Bachelor's Thesis in Astrophysics

During the fall of 2018 I worked on my bachelor's project at the department of Astronomy and Theoretical Physics at Lund University under the supervision of Florent Renaud. The project was called Fast Simulations of Star Cluster Evolution.

The project involved recreating a similar program to the one of Alexander and Gieles [2012] and Gieles et al. [2014], where star cluster evolution was simulated using a numerical model, but also adding Renaud's theory of potentially escaping stars, for the purpose of conducting more detailed simulations. My job was to create this program, written in C++, and present our findings by the end of the project. We were very pleased with the result as the simulation showed to be as predicted by N-body simulations. The main difference from the N-body simulation was that this simulation turned out to be about 24 000% faster (yes three zeros).

The project was conducted at half time between September of 2018 and Feburary of 2019 (a prolongation of one month was added due to me having knee surgery in October of 2018).


The evolution of globular star clusters tells the history of the formation of galaxies, how stellar streams might have formed and how the future of the Universe might look like. Although the general theoretical background of the evolution is well understood, it is difficult to conduct accurate and realistic computer simulations of objects containing thousands of interacting bodies. This project introduces a new method tackling this issue, treating star clusters as point objects while they are losing stars as a result of tidal stripping. This is all conducted based on the concept of potential escapers. Combining the computational effectiveness of a simplified approximation of a star cluster with the accuracy of an N-body simulation, this project introduces a new option for globular star cluster simulation.

The code written for this model allows to introduce any star cluster into any external potential. The star cluster is then described using five main coupled differential equations: number of stars, half mass radius, total energy, core radius and density profile, which, when integrated using a 4th order Runge-Kutta scheme, allows to model the full evolution of the cluster in less than a minute on a single computer. Tracer particles for potential escapers are implemented so that the tidal stripping works in constant as well as varying tidal fields. The results of this project show that the star loss over time is comparable to the ones conducted using much slower direct N-body simulations, e.g. the step-like loss of stars in elliptical tidal fields, while at the same time having a run-time of about a few minutes. Further development of this method might contribute to the understanding of stellar streams and build-up of stellar populations in galaxies.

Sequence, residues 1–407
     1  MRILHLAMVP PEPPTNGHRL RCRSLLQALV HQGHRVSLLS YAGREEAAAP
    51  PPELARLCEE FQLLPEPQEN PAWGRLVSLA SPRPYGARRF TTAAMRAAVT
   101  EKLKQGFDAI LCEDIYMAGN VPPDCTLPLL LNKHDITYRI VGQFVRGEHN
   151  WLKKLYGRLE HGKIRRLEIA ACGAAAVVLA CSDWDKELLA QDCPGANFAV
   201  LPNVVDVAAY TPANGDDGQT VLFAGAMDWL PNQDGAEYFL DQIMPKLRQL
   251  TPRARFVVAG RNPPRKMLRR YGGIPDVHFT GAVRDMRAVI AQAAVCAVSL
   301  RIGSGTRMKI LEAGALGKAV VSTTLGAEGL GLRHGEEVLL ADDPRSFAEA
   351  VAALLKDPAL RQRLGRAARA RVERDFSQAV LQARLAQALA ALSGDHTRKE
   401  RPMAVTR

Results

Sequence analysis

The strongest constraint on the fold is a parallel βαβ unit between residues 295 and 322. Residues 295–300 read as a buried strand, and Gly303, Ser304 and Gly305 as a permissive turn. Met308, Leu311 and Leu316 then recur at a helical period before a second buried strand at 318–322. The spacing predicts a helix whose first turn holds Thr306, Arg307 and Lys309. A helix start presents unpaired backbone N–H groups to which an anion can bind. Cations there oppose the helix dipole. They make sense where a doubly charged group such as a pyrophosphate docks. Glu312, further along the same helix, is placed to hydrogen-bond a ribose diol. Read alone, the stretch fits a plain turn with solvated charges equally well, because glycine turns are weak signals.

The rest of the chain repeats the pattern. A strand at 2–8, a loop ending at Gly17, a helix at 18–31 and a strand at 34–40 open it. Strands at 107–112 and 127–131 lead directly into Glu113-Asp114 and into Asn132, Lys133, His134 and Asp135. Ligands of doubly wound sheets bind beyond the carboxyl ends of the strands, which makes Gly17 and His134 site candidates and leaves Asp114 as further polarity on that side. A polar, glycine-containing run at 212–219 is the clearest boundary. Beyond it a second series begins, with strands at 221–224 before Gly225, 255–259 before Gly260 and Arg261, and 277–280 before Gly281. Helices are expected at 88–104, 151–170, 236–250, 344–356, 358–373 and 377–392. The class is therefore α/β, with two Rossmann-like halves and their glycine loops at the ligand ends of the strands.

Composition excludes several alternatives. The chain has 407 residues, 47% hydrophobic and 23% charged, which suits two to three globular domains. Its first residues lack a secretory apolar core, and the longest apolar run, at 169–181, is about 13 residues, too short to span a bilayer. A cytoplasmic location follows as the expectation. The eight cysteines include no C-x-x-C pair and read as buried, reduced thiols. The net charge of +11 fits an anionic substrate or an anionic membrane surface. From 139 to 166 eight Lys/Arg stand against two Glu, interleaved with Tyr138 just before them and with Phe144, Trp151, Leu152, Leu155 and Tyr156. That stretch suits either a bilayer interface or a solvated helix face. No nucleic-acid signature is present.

Picture of NGC 5907 with visible stellar streams, by 0.5-m Blackbird Remote Observatory telescope, 2006.

The Program Made in C++

The code, which was reproduced using Alexander and Gieles [2012] and Gieles et al. [2014], incorporates solving five differential equations using a fourth order Runge-Kutta integrator. These equations describe the entire evolution of the cluster. Using an input file, the start number of stars, the radius of the cluster and other variables could be specified. The start number would vary between 4-, 16- or 65 thousand stars and then the program would subtract stars according to the mass loss of the cluster until reaching 200 stars (the point at which the model stops working).

The problem with numerical methods such as Gieles et al. [2014] is that they only work to simulate star cluster evolution for constant gravitational potentials. However, in reality, globular clusters experience potentials that vary over time (normally when orbiting a galaxy, these clusters would follow more of an elliptical orbit). Therefore, we added the potential escaper class to the program, so that when experiencing heavier pull, the potentially escaping stars would be evaluated if they would be stripped from the cluster or not.

In a very academic approach, I decided to store the data of these stars in a linked list. This allowed me to dynamically create and destroy list entries as I desired. The code produced during this project can be found here.